A powerful suicide bomb in Afghanistan has killed the country's deputy chief of the national spy agency and 22 others. Taliban insurgents have claimed responsibility for the deadly attack. The violence comes as the United Nations has reported a significant decline in opium cultivation in the country. The illegal narcotics trade is said to be a major cause of instability in Afghanistan and is believed to be funding Taliban insurgency.
The suicide bombing took place in the eastern Afghan province of Laghman. Authorities say that deputy chief of the country's powerful National Directorate for Security, Abdullah Laghmani, and other senior officials were leaving the main mosque in the provincial capital Mehtar Lam, when a suicide bomber hit them.
Provincial Governor Lutfullah Mashal says most of the deaths occurred instantly and several top provincial officials were among those killed.
The governor says that 18 civilians were also killed in the attack while 35 people were wounded who are being treated in hospitals in Laghman and in the city of Jalalabad.
Taliban insurgents immediately claimed responsibility, saying the deputy chief of the spy agency was their target. President Hamid Karzai has condemned the deadly attack such a "vicious act" of terrorists.
Taliban insurgents have launched frequent and deadly attacks on local as well foreign troops in Afghanistan this year. The violence has left hundreds of people dead. However, observers say Wednesday's assault on a top official of the country's spy agency underscored the Taliban's increasing ability to carry out targeted attacks.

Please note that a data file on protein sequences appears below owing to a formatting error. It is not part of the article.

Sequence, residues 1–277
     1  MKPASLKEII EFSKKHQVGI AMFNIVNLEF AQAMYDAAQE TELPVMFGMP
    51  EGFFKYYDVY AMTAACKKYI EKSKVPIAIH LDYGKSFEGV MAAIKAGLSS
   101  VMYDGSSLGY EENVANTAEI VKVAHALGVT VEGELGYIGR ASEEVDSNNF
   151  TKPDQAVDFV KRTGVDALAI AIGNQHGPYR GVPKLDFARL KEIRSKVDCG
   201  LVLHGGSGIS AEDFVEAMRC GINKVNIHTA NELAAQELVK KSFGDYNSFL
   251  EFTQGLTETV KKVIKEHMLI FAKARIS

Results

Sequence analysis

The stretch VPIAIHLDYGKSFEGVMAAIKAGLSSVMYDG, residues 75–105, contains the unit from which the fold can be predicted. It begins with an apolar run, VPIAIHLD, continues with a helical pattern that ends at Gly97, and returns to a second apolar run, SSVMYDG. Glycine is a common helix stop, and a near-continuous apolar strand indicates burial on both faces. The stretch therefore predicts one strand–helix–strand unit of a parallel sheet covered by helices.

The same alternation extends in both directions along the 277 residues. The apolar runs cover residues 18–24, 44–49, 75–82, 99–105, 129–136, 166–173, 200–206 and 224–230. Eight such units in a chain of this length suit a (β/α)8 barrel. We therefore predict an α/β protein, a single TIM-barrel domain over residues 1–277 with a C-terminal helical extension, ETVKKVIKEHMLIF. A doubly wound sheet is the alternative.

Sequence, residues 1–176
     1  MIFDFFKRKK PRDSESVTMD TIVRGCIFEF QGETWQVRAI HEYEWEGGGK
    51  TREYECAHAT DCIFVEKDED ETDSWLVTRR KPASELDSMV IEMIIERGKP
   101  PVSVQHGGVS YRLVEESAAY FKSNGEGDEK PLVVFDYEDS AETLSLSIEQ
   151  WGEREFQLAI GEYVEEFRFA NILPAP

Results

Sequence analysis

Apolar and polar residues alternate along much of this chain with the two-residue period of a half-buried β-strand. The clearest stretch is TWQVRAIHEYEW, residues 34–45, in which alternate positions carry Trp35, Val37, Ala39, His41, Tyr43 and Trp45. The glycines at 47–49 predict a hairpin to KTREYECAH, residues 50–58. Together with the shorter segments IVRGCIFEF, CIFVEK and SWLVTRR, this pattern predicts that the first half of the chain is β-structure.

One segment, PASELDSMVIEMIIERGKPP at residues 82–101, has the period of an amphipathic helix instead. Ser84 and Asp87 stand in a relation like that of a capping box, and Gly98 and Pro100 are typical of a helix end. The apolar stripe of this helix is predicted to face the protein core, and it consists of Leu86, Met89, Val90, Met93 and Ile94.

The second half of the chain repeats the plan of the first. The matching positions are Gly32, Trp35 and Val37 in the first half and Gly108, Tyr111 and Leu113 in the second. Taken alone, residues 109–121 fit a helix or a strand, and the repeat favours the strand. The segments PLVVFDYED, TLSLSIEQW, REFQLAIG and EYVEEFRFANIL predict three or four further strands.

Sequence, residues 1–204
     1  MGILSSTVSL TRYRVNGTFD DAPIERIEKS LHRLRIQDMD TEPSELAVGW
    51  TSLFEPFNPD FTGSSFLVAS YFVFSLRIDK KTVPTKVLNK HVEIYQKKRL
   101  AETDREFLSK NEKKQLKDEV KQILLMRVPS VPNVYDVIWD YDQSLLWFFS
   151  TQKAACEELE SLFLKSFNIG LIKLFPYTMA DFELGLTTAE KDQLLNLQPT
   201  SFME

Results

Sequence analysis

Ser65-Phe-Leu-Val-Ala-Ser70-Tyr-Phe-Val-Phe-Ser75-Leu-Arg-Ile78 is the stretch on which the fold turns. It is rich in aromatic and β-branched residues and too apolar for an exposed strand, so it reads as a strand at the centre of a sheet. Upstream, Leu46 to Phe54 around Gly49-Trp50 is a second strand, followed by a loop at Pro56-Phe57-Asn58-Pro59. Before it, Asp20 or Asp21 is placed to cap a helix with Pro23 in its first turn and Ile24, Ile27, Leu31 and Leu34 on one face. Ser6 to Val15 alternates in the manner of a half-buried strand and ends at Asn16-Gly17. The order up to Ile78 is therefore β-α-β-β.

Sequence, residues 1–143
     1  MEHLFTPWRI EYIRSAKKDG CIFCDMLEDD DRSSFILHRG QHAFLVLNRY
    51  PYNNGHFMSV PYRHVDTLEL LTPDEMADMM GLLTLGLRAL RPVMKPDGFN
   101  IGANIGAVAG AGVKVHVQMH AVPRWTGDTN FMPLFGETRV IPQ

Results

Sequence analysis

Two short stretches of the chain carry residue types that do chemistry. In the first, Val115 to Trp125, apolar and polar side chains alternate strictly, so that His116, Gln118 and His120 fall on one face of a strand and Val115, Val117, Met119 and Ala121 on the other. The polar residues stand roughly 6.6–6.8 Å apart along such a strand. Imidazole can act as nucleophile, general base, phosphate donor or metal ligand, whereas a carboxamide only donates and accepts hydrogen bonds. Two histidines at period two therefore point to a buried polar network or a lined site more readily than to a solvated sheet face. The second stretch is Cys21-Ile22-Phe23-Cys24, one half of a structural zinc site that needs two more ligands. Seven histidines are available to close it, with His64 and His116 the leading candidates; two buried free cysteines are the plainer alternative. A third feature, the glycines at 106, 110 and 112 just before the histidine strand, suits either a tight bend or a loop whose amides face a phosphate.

The violence comes as vote counting is still continuing after last month's presidential election in Afghanistan with partial results putting President Karzai in the lead amid widespread allegations of rigging by his main rival, former foreign minister Abdullah Abdullah.
Meanwhile, the United Nations has announced a sharp decline this year in opium production in Afghanistan, which produces 90 percent of the world's crop.
Speaking at a news conference in Kabul Wednesday, UN's Antonio Maria Costa, citied effective anti-drugs campaign, programs to replace opium poppies with legal crops and lower international prices for the reduction in opium cultivation.
"Prices are very low and that has created a disincentive to farmers while production of licit crops, thanks to their much higher price of corn and wheat and cereals in general, have changed the trends of trade," he said. "Lower incentive for opium and higher incentive for licit crops all of this has caused a voluntary shift by farmers out of opium into licit crops."
The biggest drop in the opium crop, he says, was witnessed in the southern Afghan province of Helmand, which accounts for nearly 60 percent of the country's total production of the drug. The region is a known Taliban stronghold, where U.S-led coalition forces have conducted major anti-insurgency operations this year.
U.N.'s Antonio Costa acknowledged the Taliban insurgents particularly in southern provinces of Afghanistan are benefiting from the drugs income.
"The very large amount still of opium produced by farmers and income derived by farmers generates a very significant amount of money to those who control the territory, and these are the Taliban in the south," he said.
In its latest findings, the United Nations has now declared 20 of Afghanistan's provinces as poppy-free and has called on the international community to sustain the progress.